$110 million for tech-education? Yes, please

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The expense of post-secondary education combined with the difficulty of navigating career pathways are the top reasons why 60 percent of Washington students don’t earn a college degree or finish a credential by the time they turn 26.

But what if students had the opportunity to choose a career path before they left high school? What if they could start training for high-demand, high-wage jobs while earning a diploma? Would a larger percentage of students find careers faster?

Governor Jay Inslee says “yes.” It’s why $110 million of his $54.4 billion proposed state operating budget is designated for K-12 technical and vocational education. The timing couldn’t be more critical.

In the next five years our state will need a workforce ready to meet the demand of 740,000 jobs. High-tech manufacturing, health care and cybersecurity will all require specialized skills, or what educators call “three-dimensional learning.”

Right now the state isn’t ready, but Inslee’s expansion of Career and Technical Education, or CTE, would put students on a fast track to jobs and a steady paycheck. Some $26 million of the governor’s budget would go toward grant funding for curriculum and apprenticeship programs; another $22 million would target K-12 and Community and Technical College programs.

Existing workers, including those in the aerospace and construction trades, would receive $16 million. Best of all: The Washington State Promise program would get more funding, which means more of our state’s need-based students gain access to post-secondary education.

Pierce County high schools already promote vocational and technical options. Many offer dual credits for specific

voc-ed programs, and all work hard at raising the profile of area technical and certification schools. But more can and should be done.

Perhaps the best place to start is by ditching the old stigma that these programs are dumping grounds for students who can’t achieve academically.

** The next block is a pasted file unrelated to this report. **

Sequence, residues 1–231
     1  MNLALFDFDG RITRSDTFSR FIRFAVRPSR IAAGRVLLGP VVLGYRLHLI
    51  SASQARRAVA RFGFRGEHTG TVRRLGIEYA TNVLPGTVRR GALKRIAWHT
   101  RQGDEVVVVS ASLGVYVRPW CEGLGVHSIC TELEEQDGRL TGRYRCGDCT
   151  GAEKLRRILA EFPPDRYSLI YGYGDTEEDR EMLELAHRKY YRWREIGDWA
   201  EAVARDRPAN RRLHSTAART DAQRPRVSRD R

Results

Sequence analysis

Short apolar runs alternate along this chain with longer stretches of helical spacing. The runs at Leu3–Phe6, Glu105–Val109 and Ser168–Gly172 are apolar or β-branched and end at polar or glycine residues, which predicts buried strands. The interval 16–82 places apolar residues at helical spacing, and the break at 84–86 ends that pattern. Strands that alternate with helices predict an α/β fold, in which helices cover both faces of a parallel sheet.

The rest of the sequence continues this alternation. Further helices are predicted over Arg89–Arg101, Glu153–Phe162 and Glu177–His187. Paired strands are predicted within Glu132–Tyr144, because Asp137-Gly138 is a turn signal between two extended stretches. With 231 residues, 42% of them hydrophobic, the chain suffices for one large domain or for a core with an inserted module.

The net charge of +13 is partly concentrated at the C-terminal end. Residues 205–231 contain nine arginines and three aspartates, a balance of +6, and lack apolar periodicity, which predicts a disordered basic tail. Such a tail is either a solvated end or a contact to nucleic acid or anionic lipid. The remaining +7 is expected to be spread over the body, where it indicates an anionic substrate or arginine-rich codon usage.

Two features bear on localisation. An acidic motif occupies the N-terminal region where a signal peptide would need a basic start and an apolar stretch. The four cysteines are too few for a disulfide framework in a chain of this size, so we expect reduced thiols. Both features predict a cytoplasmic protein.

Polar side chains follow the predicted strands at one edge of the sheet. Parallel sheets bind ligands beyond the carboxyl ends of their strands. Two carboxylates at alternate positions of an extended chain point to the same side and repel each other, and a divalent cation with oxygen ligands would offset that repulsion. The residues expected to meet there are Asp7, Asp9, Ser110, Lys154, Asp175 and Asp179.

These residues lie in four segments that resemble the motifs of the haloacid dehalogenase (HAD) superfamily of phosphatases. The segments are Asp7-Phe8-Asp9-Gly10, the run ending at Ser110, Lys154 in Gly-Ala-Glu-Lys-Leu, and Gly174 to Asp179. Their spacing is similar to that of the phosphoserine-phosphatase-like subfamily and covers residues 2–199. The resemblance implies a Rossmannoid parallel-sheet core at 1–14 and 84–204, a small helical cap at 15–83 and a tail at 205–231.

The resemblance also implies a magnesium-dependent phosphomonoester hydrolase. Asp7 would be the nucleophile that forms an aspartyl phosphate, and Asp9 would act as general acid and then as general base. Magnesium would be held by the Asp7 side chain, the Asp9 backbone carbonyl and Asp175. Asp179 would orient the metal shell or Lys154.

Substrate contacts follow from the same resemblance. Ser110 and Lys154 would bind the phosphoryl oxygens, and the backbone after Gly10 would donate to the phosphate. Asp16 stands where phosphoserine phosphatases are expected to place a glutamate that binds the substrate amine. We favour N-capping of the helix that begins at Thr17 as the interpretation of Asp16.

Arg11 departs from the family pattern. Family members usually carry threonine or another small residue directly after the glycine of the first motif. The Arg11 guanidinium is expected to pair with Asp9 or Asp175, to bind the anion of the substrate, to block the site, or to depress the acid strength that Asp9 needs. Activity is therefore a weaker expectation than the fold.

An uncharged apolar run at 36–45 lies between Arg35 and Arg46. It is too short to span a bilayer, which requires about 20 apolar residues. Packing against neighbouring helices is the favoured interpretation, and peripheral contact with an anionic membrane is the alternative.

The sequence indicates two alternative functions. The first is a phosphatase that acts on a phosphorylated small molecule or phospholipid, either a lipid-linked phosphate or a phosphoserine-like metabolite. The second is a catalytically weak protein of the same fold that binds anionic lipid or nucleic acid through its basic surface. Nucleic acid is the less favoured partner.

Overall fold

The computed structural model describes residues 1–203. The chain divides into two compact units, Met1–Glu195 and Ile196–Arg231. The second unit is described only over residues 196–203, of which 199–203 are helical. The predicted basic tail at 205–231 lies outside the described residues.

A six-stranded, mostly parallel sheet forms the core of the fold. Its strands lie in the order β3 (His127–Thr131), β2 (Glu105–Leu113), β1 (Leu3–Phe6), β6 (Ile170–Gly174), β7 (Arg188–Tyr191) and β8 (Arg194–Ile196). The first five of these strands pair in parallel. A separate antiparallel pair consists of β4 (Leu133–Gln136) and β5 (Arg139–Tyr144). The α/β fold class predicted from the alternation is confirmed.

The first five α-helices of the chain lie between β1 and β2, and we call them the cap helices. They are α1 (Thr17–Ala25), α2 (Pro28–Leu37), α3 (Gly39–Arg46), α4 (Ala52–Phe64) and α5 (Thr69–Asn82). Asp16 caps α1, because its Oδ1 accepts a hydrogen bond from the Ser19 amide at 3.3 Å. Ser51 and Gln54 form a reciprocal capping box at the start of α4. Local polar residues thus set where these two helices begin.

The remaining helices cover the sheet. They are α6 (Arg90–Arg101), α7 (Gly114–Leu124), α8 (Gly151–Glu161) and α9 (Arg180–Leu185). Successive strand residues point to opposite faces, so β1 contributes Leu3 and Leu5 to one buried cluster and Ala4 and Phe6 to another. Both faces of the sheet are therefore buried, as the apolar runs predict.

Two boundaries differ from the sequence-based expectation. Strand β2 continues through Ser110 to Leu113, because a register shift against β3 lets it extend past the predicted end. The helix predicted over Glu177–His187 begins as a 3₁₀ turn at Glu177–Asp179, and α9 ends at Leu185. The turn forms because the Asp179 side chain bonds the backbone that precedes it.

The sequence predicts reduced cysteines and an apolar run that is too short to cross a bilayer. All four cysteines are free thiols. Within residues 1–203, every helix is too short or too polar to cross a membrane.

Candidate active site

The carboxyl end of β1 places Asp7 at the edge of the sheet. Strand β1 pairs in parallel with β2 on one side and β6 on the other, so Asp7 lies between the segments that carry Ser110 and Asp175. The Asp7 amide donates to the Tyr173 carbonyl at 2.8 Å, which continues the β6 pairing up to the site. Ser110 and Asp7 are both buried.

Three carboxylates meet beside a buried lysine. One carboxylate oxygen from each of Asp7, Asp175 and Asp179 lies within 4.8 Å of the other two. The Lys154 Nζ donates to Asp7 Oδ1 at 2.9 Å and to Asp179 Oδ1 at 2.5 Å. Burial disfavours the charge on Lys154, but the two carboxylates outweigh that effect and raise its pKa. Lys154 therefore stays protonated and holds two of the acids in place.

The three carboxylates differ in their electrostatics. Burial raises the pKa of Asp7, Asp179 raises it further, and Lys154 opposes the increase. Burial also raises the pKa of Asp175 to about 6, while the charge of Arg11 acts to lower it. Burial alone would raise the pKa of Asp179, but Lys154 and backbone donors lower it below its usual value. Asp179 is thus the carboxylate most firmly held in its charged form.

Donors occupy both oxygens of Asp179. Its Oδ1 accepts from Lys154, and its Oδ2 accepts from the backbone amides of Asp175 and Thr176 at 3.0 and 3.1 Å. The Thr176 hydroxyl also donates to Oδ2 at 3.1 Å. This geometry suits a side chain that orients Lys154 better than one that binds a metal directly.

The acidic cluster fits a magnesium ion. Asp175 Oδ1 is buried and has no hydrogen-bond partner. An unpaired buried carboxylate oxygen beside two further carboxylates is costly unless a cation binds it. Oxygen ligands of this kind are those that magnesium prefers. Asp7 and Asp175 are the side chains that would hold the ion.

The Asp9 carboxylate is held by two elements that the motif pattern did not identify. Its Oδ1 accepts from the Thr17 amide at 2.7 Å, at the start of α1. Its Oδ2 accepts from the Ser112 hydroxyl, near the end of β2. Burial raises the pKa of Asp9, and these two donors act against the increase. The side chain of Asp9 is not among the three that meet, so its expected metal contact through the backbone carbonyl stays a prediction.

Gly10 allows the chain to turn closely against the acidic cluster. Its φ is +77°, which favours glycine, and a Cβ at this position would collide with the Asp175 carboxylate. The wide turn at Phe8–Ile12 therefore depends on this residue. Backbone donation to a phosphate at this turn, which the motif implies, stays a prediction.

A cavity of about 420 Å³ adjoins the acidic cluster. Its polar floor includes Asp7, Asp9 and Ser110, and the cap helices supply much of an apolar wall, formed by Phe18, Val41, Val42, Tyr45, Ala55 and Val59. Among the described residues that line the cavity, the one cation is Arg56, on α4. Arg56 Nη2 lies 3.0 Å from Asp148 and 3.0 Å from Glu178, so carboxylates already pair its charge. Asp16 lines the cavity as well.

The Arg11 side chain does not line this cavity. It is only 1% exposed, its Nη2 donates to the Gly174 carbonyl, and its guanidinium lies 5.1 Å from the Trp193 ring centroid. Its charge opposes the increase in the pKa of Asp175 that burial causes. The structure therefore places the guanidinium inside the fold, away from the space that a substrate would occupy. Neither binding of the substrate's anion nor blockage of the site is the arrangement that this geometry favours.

The truth is, the trades require just as many smarts. They just call for professionals with a different set of problem-solving skills.

Joyce Loveday, president of Clover Park Technical College in Lakewood, says pointing kids toward a technical or vocational career doesn’t mean academic instruction is compromised. Many manufacturing and health-care related fields demand strong science, math and computer skills; and many trades, especially those involving automation, require an in-depth understanding of electronics and engineering.

But the traditional college-prep curriculum isn’t the path for everyone. An increasing number of students are choosing to forgo a four-year degree – and the years of debt that often accompany it – for high-paying jobs in the trades. Who can blame them?

Funding career preparation during the K-12 years solves a lot of problems, and it’s one of those rare issues both Democrats and Republicans can get behind, as evidenced by last July’s passage of the U.S. Strengthening Career and Technical Education Act. That bill was motivated by a report from a House Committee that warned of a national “workforce crisis.”

Inslee’s proposal for vocational and technical college education is another weapon in the arsenal against that impending crisis. Legislators should give it their full-throated support when they return to Olympia this month.

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